Chapter 9: Operations Management

The process that takes basic resources and transforms them into finished products
The value people add in converting resources into finished products
Form Utility
The process in which resources are broken down to create finished products (cutting up a chicken)
Analytic transformation
The process in which resources are combined to create finished products (baking a cake)
Synthetic transformation
A production process in which goods/services are turned out in a long production run on an ongoing basis ex. pumping oil out of the ground, oil refineries
Continuous processes
Production in which finished goods and services are turned out in a series of short production runs and machines are changed frequently to make different products
Intermittent processes
Use of machines for people to use in production
Using uniform parts that could be easily interchanged
Consists of a series of steps for assembling a product involving standardized parts and/or repetitive labor steps
Assembly line
T/F Henry Ford was the first to use the assembly line
False – he was the first to mechanize it
__________ uses machines as much as possible to replace people in production tasks (robots)
The production of uniform goods in great quantities
Mass production
The assembly line arrangement
Product layout
Work grouped by function
Process layout
When companies produce goods and services by integrating many facilities, functions, and processes
Supply-chain management
Only minimal supplies are kept on the organization’s premises and others are delievered by suppliers as needed
Just-in-time inventory
A specialized bar chart that shows the relationship between the kind of work tasks planned and their scheduled completion dates
Gantt Charts
Program evaluation and review technique is a diagram for determining the best sequencing of task
PERT Charts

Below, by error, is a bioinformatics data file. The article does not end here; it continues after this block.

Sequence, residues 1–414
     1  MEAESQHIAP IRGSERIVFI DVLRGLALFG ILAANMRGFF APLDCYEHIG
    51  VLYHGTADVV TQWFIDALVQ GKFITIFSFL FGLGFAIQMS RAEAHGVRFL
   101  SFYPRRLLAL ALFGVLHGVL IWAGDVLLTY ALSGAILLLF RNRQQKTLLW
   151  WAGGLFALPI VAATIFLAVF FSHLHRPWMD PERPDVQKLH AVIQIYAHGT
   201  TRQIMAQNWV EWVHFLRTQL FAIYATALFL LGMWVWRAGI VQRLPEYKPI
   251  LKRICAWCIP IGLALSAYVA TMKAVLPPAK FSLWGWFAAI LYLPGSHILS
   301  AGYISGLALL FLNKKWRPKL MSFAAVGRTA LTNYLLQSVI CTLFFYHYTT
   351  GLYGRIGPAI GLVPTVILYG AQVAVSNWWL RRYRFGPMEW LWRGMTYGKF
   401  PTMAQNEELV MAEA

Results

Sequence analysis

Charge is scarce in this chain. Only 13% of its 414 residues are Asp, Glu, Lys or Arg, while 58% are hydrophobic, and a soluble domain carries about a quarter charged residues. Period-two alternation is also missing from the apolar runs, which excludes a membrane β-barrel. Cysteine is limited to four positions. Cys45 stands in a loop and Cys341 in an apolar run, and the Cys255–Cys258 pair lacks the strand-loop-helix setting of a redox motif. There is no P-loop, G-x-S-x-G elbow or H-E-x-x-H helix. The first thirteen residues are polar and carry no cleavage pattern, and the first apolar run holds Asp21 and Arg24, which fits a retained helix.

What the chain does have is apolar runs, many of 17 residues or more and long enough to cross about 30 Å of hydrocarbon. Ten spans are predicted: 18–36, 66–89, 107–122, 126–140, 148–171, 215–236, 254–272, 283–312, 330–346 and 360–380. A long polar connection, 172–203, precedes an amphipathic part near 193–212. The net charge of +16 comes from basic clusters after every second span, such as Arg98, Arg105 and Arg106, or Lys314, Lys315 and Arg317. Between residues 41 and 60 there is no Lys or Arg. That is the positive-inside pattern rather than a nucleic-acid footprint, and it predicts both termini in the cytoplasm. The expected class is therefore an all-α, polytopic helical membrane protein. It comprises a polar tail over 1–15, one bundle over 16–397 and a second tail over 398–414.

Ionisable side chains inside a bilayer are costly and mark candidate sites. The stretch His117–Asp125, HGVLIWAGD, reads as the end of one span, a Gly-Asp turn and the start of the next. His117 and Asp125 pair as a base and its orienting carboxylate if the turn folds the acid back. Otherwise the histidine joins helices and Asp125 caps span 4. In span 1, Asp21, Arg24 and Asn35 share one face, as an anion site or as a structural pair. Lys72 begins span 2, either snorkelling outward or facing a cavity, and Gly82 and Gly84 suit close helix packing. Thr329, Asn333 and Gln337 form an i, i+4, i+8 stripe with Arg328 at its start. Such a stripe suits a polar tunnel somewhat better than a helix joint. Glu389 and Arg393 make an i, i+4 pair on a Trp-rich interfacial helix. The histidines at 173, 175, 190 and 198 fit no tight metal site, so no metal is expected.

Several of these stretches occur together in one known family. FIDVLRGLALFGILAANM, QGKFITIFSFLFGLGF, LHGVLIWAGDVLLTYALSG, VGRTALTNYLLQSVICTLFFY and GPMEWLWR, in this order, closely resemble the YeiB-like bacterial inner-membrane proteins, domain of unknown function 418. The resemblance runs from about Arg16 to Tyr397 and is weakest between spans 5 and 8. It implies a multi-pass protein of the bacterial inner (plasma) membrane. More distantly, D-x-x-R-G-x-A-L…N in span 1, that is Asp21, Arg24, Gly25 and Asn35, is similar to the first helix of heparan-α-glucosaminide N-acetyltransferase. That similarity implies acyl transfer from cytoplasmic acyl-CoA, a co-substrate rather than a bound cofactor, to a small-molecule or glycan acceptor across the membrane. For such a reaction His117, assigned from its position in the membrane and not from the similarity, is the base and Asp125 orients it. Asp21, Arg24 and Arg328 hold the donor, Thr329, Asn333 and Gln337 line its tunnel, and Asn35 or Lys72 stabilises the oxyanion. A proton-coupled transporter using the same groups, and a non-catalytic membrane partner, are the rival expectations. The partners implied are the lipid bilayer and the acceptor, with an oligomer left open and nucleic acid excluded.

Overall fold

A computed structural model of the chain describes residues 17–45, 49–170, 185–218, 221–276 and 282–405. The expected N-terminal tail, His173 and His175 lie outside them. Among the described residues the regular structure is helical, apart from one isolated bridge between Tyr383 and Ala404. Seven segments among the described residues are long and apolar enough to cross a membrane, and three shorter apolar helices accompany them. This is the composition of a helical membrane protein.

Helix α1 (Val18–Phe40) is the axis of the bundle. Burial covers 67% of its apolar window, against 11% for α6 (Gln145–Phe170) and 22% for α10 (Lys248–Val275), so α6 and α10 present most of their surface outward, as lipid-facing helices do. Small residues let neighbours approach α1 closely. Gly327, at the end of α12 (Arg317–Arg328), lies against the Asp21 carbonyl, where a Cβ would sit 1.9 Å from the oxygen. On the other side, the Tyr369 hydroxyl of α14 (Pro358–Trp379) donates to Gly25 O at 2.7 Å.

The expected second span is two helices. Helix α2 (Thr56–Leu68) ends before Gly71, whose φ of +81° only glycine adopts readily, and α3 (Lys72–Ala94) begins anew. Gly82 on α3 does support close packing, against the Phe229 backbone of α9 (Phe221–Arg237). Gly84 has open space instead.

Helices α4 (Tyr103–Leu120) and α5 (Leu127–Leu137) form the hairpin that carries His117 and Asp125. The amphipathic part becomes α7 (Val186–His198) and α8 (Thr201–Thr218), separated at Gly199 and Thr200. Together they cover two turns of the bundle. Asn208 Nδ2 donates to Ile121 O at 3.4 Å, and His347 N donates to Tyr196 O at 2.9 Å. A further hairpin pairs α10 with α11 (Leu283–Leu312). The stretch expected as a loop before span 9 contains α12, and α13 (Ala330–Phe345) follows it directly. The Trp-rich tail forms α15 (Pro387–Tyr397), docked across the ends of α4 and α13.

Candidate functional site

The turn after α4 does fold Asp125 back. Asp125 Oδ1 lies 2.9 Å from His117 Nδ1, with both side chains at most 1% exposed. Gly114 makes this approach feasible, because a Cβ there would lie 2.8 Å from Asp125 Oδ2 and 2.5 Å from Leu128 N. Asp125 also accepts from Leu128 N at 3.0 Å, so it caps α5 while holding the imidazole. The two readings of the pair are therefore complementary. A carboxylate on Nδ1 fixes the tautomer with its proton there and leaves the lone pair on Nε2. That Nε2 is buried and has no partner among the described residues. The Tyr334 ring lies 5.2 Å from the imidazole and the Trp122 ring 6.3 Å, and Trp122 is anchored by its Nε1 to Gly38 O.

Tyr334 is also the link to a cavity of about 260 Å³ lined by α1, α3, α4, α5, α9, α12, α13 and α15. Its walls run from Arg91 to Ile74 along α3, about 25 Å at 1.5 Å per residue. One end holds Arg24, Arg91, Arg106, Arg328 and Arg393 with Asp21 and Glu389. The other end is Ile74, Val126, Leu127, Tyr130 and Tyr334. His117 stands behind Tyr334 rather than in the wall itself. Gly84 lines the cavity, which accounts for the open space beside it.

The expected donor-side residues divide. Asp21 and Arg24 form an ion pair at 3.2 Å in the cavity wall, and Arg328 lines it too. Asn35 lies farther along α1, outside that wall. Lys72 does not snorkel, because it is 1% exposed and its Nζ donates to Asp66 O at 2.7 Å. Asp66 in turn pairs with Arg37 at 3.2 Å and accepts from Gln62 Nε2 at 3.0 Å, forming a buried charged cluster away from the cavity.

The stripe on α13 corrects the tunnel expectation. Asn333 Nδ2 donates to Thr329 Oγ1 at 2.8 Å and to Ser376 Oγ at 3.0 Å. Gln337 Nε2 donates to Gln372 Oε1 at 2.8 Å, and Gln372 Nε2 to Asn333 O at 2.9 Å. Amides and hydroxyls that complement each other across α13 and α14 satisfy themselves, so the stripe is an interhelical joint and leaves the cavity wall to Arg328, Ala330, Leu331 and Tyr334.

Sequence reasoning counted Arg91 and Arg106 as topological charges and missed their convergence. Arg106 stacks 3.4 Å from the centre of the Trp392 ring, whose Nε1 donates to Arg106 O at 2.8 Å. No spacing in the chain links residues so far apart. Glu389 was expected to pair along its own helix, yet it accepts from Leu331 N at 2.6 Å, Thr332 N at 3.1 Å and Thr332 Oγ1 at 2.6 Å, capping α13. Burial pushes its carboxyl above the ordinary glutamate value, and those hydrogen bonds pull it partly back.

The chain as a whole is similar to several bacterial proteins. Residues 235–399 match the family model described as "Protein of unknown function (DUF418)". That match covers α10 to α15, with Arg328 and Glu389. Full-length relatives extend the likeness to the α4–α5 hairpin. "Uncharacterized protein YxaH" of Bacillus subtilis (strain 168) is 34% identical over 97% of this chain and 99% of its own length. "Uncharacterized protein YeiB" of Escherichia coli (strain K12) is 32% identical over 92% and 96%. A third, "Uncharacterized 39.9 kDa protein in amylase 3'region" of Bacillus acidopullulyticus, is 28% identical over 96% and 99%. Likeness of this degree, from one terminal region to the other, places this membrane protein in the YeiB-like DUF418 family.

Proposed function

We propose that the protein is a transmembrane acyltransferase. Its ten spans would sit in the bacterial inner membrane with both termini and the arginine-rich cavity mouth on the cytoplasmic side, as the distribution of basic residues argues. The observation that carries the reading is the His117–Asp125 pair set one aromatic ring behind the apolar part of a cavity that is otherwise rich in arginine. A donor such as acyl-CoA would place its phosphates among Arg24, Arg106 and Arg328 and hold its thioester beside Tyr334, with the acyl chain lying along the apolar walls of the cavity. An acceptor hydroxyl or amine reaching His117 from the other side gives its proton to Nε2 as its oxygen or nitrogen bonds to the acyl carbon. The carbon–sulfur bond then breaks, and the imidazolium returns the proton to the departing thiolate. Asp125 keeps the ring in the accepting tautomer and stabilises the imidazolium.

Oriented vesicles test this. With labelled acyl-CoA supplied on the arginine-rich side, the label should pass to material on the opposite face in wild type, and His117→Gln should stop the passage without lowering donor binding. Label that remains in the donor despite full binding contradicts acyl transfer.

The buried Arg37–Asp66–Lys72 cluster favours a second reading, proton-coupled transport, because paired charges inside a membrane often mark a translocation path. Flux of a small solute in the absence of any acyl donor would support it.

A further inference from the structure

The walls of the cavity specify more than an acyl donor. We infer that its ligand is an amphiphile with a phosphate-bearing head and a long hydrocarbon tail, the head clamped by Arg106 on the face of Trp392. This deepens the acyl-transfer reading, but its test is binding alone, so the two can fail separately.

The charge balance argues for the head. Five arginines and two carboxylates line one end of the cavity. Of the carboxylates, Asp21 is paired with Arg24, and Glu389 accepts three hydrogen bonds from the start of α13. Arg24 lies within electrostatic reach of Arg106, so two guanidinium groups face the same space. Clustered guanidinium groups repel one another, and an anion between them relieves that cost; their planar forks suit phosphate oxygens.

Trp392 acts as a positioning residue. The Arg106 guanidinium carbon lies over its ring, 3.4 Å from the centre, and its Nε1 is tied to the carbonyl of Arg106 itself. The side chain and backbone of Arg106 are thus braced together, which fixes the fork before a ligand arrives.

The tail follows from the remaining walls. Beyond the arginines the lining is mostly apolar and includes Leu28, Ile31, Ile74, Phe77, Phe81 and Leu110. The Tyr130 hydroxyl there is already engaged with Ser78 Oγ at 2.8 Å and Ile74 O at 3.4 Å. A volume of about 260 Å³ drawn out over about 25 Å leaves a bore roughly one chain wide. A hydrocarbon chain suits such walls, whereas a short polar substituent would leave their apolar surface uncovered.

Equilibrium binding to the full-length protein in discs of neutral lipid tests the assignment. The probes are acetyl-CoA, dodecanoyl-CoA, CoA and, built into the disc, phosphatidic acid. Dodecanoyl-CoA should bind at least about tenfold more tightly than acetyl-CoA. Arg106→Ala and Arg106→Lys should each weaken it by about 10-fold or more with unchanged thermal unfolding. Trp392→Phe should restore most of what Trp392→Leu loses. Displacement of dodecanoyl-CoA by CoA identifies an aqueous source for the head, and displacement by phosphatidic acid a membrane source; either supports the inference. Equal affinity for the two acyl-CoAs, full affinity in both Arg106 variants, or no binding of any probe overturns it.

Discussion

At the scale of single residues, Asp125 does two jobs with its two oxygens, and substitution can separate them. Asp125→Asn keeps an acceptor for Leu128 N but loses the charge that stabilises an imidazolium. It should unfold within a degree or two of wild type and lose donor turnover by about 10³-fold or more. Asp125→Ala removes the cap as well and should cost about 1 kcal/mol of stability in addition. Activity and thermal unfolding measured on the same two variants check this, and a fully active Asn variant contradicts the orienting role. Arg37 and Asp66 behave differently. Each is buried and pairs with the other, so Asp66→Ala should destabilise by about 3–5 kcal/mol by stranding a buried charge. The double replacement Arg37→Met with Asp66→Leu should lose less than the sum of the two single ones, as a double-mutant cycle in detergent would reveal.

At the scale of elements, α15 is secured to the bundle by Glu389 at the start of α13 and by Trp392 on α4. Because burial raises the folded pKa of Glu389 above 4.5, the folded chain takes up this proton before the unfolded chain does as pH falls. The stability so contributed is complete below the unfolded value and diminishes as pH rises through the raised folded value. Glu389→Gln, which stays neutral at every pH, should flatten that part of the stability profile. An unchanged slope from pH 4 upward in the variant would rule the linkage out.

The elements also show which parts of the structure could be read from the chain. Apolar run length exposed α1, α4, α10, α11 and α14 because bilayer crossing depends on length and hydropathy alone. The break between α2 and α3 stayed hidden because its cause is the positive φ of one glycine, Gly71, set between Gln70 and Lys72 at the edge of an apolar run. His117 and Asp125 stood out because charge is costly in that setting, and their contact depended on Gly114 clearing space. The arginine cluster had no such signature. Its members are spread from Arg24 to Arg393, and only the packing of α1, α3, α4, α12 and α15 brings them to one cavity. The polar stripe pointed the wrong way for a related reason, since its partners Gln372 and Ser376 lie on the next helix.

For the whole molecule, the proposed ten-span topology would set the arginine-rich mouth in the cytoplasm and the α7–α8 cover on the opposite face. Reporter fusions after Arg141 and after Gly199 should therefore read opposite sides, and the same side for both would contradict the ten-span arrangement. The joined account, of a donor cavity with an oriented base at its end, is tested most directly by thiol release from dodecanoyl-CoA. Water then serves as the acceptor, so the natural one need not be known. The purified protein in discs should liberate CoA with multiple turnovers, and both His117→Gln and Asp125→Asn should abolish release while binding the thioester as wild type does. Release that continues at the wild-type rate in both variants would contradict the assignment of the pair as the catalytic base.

Consists of a series of quality-assurance procedures companies must install, in purchasing, manufacturing, inventory, shipping and other areas, that can be audited by registrars or independent quality control experts
ISO 9000
A statistical technique that used periodic random samples from production runs to see if quality is within the acceptable range
Statistical process control
A rigorous statistical analysis process that reduces defects in manufacturing and service-related processes
Six Sigma
What process adds value to resources?
Converting basic resources into finished products
Eliminating unnecessary steps and using the fewest resources and continually striving for improvement
Lean manufacturing
Quality control method involving a comprehensive approach dedicated to continuous quality, improvement, training, and customer satisfaction
Total quality management
A process by which a company compares its performance with that of high-performing organizations
Permitting manufacturers to make part of product changes by manipulating computer programs that run production machines instead of making changes to the machines themselves
Flexible manufacturing systems
Designed to determine the best sequencing of tasks and does not generally include such minute details as which individual is responsible for a particular task
PERT chart
T/F ISO9000 provides an international seal of approval for overseas businesses
T/F Six Sigma means the company product is 99.9997% perfect